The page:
• Implicitly, the Safety I assumptions view people in the system as the problem. Technical systems have become so reliable – which is sometimes erroneously used as a synonym for safety – that people have become the most unreliable component of the system and, thus, the most prominent “cause” of failure.
• Implicitly, it follows that success is achieved because all components function as designed. This includes the people adhering to processes, procedures and rules. This implicit assumption is called work as imagined (WAI). WAI is the way that people removed from operational practice (managers, designers) think that work is executed (Figure 1).
The difficulty with Safety I is that the assumptions are not always valid in today’s interconnected world. The assumptions are based on systems that are linear and easy to understand. The current reality is that systems have become so complex that the limitations of the assumptions of Safety I have been reached.
The limitations of Safety I have fueled the need to come up with different perspectives that are better aligned with current reality. Safety II provides a different way to look at the same problems seen in today’s systems. The below sums up Safety II (White Paper 2013):
• Safety II is about ensuring that things go right. The manifestations are the successes and failures of the system, the spectrum of possible outcomes. To explain the outcome of systems, systems thinking and complexity theory are used.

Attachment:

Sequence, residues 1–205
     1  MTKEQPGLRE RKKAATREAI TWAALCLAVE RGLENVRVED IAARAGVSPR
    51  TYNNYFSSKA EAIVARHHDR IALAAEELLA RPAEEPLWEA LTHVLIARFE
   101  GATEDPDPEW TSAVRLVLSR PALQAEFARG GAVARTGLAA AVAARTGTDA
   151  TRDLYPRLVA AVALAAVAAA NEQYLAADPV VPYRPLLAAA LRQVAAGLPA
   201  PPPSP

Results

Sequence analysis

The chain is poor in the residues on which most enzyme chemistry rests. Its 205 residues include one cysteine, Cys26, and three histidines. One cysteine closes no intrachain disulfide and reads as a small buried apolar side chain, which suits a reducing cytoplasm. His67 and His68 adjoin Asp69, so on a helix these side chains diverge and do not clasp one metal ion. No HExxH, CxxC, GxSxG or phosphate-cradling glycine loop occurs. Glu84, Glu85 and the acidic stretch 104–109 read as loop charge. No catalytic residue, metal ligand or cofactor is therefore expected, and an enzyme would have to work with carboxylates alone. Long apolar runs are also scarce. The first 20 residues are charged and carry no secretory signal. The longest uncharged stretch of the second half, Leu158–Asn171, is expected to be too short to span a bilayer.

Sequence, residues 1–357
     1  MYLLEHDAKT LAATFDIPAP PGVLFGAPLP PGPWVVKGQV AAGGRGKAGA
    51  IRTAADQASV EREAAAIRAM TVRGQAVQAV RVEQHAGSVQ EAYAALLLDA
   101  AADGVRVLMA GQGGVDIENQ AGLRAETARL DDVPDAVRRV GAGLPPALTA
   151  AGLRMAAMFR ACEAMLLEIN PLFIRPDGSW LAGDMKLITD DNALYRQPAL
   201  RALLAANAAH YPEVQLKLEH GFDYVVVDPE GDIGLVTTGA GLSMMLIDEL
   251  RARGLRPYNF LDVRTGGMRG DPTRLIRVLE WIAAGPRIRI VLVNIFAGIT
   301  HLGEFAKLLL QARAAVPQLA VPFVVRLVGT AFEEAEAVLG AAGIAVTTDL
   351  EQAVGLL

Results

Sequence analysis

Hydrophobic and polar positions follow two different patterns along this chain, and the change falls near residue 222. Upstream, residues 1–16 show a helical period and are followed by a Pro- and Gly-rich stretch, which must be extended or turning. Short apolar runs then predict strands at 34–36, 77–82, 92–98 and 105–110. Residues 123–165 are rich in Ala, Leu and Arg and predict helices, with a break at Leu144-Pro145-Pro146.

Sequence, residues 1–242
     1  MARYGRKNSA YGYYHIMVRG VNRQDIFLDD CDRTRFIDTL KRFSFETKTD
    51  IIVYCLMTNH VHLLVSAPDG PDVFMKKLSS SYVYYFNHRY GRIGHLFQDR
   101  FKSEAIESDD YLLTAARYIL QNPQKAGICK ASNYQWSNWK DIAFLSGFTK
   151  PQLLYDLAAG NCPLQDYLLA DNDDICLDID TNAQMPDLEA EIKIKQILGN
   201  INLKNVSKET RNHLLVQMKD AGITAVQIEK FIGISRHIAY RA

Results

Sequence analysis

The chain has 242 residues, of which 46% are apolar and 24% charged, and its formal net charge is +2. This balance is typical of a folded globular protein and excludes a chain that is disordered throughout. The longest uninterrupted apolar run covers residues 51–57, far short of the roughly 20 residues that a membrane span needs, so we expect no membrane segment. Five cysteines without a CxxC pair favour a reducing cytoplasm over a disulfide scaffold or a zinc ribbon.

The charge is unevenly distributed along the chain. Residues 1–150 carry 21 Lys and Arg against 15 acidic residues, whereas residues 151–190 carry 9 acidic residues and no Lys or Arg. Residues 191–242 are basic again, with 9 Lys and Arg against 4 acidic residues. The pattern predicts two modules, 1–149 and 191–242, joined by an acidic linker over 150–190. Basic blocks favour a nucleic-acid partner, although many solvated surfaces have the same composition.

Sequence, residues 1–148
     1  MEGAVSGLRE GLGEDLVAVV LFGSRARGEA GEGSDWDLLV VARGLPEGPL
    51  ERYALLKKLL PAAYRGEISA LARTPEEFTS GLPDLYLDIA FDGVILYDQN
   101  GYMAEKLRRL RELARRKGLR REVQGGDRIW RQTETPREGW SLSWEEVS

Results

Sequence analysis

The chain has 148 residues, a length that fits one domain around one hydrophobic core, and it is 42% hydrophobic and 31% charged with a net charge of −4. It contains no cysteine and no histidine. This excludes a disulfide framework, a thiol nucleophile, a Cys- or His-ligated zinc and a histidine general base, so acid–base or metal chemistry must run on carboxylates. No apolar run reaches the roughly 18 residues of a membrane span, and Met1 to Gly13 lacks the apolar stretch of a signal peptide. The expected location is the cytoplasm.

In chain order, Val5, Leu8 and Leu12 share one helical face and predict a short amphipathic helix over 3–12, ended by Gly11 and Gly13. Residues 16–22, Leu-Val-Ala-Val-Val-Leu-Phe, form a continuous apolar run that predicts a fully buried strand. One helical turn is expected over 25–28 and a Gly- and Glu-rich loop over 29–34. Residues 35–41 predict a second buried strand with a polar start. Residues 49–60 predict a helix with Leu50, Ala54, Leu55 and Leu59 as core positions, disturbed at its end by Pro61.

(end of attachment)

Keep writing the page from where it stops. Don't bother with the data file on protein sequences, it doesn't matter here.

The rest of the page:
• In Safety II, it is assumed that the performance of the system is an emergent outcome instead of a resultant outcome. Emergent outcomes arise out of interactions among technical, human and organizational components. Emergence is a term from complexity theory and is a phenomenon that can’t be explained using linear or causal relations. Emergence can be seen in complex systems, such as the ones the industry operates nowadays.
• Safety II assumes that companies should look at everyday performance to explain success and failure. Performance, especially human performance, is variable to match the conditions and demands of everyday operational life. People have to adjust to ensure that things go right. This process usually results in good outcomes and sometimes results in bad outcomes.